Despite all of these ideas running through her head and all these false notions of what her body needed to look like to be an athlete, Lyndsey met her childhood dreams.

Lee didn’t let her eating disorder get in the way of her performance on the field or in the classroom.

Lee earned quality minutes on the field starting eight of the 16 games she appeared in her freshman season with Southern Miss. Lee also recorded eight shot attempts and two assists in 651 minutes on the field.

No one ever suspected there was something going on in her head. Despite her first season’s success, the eating disorder became more prominent in her life when Lee started to notice her eating habits had changed and her portion control was something she started to care about.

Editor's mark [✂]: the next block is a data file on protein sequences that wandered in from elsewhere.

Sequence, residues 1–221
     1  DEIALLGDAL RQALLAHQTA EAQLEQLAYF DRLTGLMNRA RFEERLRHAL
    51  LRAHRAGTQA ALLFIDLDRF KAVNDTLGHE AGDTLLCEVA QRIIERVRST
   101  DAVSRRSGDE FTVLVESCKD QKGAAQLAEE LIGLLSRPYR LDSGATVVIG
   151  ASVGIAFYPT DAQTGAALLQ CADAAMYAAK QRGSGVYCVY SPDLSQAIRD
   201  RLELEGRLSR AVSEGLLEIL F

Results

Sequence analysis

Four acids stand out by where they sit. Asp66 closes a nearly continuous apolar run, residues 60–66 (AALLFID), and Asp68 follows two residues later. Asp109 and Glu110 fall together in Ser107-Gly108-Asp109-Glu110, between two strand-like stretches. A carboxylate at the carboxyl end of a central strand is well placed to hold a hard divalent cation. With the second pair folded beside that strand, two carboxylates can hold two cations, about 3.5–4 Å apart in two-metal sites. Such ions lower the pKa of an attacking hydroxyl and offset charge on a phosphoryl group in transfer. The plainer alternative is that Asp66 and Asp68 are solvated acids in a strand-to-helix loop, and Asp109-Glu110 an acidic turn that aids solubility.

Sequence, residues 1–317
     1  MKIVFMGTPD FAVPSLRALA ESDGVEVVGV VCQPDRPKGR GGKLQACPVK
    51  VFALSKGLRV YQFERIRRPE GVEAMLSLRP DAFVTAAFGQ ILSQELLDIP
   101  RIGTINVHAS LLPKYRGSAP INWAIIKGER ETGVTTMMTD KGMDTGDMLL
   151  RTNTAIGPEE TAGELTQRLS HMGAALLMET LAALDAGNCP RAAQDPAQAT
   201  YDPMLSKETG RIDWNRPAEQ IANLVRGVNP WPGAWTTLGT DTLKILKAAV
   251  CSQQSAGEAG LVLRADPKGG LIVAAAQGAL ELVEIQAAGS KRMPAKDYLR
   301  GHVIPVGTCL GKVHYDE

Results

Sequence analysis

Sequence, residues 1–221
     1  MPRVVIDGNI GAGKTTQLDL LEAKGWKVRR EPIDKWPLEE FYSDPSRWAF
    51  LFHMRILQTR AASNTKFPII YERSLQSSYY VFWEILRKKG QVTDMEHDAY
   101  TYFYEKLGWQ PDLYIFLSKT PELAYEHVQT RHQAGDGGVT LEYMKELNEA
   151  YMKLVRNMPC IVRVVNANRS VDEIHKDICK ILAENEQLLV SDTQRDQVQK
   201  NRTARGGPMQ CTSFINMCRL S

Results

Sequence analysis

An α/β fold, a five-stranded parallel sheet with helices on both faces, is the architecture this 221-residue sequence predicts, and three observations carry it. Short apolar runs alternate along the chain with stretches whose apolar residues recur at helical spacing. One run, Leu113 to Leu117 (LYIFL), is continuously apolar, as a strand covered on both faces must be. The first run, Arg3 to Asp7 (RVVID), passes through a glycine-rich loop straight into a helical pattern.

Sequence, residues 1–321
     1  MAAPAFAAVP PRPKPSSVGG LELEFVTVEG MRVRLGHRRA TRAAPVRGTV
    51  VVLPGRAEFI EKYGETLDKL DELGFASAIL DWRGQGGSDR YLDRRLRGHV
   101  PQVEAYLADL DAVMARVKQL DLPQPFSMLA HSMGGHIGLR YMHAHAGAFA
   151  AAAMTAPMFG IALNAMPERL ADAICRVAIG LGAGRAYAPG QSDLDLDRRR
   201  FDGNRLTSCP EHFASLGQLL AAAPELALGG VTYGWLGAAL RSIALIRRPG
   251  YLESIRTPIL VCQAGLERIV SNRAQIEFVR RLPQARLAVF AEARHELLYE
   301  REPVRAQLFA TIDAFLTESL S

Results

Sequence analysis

After a great opening season, Lee was stuck in the position of whether or not she could handle this problem, something she still didn’t know she had, on her own or if she needed to seek professional help.
Lee decided leaving Southern Miss was in her best interest after her first semester.

The decision to leave left everyone with questions: her mom, coach El-Zare, her teammates and even herself.

“Is this something I can live with the rest of my life?” Lee said. “Is soccer what’s causing these thoughts and these problems?”

Lee decided to go back to Pearl River thinking she could handle the issue by herself with friends she grew up with surrounding her. But that wasn’t the solution.

Lee was still not able to control her eating habits. She still questioned what was going on with her. Lee kept asking herself, “Is this the life I want to live?”

Was a life full of anxiety and depression the life she wanted to fight on her own?

A phone call to her mom was all it took for Lee to get the help she needed.